The unusually harsh winter weather in the Northeast along with natural fluctuations in seafood catches in other regions has caused sporadic shortages of some fresh fish items this year.
To offset tight supplies, some retailers are using more frozen product or relying more heavily on farm-raised fish to keep their supermarket seafood cases stocked. Still others have added different species to their mix.
Lee Weddig, executive vice president of the National Fisheries Institute, Arlington, Va., said while there have been abundant supplies of frozen commodity-type items, fresh catfish "has been tight." There also have been shortages of shrimp because of difficulties in some overseas harvesting areas, particularly China, stemming from several factors including disease and poor-quality larvae.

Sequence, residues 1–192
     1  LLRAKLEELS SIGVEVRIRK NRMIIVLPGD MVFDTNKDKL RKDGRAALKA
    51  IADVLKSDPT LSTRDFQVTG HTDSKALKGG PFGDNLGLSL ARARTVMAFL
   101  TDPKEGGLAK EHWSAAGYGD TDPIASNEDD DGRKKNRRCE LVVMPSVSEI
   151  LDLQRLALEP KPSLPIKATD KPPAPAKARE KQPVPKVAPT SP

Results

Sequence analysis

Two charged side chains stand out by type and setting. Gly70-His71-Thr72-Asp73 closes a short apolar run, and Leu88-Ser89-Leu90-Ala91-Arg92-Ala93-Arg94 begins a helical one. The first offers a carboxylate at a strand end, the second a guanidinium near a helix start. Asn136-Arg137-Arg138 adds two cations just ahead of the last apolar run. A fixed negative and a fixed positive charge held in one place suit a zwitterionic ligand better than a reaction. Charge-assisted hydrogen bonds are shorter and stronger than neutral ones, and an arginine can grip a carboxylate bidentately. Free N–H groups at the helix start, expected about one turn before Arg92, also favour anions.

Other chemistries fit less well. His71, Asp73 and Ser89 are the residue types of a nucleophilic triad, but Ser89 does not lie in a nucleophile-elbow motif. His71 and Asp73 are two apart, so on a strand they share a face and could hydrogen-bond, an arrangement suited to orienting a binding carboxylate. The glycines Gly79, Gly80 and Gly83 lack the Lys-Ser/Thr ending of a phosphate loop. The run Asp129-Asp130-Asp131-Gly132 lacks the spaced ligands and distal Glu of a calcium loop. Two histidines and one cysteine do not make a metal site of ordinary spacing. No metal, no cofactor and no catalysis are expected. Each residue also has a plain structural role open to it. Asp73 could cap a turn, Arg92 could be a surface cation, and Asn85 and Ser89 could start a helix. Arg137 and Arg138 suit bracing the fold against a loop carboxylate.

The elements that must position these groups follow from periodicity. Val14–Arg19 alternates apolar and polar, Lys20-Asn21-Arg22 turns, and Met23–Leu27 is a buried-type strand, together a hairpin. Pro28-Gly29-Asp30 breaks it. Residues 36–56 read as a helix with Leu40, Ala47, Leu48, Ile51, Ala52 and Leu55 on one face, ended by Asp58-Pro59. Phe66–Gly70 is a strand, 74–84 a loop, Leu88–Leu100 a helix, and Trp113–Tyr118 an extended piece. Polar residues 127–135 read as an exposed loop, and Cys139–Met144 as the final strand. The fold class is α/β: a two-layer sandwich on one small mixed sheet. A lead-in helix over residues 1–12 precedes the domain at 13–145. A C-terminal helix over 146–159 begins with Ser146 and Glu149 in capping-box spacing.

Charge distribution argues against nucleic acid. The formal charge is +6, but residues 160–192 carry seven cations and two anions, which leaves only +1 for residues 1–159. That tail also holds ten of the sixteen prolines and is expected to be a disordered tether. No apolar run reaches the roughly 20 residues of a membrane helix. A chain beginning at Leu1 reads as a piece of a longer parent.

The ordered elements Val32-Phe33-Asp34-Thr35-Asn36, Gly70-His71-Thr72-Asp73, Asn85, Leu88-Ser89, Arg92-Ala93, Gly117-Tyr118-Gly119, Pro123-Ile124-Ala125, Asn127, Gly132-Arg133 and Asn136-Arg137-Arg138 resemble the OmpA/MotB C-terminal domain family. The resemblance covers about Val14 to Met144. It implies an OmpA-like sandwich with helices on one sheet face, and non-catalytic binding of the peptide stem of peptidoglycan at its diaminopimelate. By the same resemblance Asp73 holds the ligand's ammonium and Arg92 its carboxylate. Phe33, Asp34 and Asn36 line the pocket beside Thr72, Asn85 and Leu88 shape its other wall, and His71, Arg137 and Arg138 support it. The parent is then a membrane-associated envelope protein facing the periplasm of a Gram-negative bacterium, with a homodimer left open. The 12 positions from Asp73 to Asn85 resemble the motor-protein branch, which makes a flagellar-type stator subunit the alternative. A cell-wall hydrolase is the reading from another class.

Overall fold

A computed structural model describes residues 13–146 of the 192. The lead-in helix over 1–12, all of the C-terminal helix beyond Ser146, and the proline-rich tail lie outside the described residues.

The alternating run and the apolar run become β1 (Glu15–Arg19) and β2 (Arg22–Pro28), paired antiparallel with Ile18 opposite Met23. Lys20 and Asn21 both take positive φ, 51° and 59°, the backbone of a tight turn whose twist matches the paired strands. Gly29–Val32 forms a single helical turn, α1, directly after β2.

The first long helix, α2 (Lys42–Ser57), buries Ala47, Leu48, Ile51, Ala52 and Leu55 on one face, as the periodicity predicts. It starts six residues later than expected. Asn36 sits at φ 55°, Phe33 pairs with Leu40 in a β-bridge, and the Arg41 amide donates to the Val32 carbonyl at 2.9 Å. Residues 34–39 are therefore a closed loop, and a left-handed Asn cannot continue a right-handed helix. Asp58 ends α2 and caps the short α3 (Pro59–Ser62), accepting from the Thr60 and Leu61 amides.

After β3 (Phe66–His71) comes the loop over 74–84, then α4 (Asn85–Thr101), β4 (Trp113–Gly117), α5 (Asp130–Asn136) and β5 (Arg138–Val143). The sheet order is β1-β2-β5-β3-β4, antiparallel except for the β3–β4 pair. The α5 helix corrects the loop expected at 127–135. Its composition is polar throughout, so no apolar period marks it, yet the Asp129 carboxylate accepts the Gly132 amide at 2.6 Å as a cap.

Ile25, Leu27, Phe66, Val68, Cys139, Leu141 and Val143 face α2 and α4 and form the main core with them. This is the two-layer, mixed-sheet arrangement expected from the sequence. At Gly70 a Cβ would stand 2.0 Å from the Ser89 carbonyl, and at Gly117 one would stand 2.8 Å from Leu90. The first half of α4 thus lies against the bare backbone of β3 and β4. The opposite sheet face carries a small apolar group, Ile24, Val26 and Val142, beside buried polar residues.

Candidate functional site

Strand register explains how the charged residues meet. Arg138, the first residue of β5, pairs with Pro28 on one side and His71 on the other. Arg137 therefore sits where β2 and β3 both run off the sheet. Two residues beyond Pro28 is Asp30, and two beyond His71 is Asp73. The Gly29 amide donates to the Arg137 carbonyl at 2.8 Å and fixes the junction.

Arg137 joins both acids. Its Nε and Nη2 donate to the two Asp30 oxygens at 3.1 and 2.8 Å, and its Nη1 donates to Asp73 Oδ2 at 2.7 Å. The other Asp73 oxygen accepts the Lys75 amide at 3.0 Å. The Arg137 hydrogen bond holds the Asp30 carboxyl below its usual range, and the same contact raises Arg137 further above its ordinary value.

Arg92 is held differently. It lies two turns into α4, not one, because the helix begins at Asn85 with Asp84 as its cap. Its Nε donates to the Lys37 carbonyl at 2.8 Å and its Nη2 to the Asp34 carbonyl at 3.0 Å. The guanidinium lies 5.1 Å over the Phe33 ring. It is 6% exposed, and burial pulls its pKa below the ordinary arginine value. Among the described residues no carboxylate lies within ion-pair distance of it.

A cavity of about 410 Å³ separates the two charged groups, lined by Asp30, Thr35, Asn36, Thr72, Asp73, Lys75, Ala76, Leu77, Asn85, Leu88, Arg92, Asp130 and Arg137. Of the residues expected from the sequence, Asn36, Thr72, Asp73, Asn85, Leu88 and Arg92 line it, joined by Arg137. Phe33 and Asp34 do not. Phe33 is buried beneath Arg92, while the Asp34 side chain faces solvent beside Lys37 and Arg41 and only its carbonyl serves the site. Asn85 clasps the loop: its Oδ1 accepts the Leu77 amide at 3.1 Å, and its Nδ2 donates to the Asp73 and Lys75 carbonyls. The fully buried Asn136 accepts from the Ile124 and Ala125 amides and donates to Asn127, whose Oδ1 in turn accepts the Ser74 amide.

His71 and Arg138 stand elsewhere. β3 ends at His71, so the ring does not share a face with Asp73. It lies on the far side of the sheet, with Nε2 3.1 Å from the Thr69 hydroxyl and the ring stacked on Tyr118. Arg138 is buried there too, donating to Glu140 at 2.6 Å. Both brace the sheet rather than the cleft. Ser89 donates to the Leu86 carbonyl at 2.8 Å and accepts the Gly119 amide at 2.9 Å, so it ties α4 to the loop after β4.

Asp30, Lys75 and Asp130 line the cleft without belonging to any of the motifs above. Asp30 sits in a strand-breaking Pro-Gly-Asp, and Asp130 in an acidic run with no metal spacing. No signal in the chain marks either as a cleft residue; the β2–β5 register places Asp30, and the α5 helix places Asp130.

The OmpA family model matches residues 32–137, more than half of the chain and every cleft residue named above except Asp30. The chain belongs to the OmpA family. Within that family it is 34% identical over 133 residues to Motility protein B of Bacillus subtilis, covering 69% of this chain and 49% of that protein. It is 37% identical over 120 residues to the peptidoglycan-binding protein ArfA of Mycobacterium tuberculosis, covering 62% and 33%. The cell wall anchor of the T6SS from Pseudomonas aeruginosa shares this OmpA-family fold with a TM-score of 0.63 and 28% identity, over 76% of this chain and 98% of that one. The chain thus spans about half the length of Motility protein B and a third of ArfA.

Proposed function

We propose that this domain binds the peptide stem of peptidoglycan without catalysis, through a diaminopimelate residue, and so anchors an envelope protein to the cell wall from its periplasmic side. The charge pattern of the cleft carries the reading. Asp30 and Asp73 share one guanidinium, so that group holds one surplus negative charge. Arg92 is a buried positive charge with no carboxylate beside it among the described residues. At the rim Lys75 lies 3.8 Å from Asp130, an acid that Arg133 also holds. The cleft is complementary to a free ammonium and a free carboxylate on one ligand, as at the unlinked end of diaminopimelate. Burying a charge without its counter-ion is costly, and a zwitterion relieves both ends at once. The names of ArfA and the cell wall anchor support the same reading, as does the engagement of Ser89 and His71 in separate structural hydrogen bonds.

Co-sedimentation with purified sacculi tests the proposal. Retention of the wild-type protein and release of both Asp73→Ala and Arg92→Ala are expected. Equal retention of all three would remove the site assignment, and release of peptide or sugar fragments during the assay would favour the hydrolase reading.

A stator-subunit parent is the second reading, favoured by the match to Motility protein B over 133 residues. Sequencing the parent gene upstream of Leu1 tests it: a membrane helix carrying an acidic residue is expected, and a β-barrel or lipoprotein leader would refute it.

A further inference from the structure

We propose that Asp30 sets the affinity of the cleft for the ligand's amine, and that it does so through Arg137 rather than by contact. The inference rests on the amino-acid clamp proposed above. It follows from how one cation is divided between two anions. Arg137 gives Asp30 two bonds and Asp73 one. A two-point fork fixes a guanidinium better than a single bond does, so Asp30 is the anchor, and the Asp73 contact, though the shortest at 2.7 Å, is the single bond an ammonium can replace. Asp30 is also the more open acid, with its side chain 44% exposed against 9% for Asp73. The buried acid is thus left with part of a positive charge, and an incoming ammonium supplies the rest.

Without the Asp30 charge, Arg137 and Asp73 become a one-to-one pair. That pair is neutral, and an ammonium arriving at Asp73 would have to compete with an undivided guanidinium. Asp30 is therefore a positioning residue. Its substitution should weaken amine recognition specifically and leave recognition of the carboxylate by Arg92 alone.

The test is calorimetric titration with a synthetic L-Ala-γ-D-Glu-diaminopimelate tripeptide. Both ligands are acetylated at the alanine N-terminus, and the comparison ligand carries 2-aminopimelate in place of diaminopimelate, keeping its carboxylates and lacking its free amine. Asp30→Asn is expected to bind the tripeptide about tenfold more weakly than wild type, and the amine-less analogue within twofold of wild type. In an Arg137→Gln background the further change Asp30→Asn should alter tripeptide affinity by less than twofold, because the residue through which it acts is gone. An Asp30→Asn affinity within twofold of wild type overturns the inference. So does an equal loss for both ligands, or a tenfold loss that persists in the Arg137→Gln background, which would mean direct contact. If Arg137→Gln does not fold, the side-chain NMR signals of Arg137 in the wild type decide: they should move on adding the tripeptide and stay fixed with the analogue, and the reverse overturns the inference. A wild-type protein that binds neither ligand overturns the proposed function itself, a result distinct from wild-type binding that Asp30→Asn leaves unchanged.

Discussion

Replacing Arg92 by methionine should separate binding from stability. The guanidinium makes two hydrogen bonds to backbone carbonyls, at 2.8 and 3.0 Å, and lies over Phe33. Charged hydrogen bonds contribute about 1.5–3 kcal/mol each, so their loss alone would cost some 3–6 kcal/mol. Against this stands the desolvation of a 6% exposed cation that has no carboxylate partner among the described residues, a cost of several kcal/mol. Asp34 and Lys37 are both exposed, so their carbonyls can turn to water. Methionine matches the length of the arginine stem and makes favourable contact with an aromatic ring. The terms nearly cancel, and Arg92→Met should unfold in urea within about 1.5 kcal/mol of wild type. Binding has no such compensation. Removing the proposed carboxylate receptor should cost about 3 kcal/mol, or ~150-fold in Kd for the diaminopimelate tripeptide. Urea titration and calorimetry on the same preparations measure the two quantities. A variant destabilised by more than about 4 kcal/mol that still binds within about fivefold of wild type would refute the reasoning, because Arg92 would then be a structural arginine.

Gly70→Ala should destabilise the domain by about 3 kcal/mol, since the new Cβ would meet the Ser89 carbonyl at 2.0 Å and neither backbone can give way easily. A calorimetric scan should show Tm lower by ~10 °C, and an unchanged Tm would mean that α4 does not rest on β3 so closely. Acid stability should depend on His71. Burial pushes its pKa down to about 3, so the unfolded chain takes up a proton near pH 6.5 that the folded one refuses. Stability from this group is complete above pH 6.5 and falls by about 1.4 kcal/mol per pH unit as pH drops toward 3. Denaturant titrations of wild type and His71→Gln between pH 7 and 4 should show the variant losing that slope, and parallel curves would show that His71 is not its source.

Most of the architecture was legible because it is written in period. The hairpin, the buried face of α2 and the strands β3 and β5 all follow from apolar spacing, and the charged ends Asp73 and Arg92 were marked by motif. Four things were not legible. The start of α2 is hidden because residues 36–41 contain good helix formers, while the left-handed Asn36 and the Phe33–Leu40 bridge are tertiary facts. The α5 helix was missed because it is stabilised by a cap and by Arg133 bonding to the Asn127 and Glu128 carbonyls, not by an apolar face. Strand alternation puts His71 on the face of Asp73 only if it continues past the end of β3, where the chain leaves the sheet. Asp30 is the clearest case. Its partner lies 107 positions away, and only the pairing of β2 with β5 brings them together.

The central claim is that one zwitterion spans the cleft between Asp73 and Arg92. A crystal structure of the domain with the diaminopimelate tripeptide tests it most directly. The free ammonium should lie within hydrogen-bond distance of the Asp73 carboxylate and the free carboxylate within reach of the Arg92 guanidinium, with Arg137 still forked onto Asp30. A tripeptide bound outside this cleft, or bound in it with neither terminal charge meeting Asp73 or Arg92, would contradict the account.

"There has been a mixed bag altogether," said Weddig.
The New England Fisheries Development Association, Boston, reported that the numerous storms this winter have cut down on fishing time in the Northeast, causing some shortages of cod, pollock, haddock, and other flat fish.
SN polled retailers in different U.S. markets this month about how they are handling supply fluctuations this winter. Some reported making substitutions for fish in short supply, while others have found no difficulties at all.
Here's what they had to say:
Simeon Bryant seafood buyer
Harris-Teeter Charlotte, N.C.
I have had some difficulty, especially with East Coast fin fish species, between December and January.
Flounder has been a little short this year, and there has been some shortage on swordfish. Those are the two major ones.
We have looked at some imported items, but mostly we deal with domestic. We don't shop around too much. We try to stay with our normal suppliers, and if they feel it would be a bad decision to go with an imported product then we follow their advice.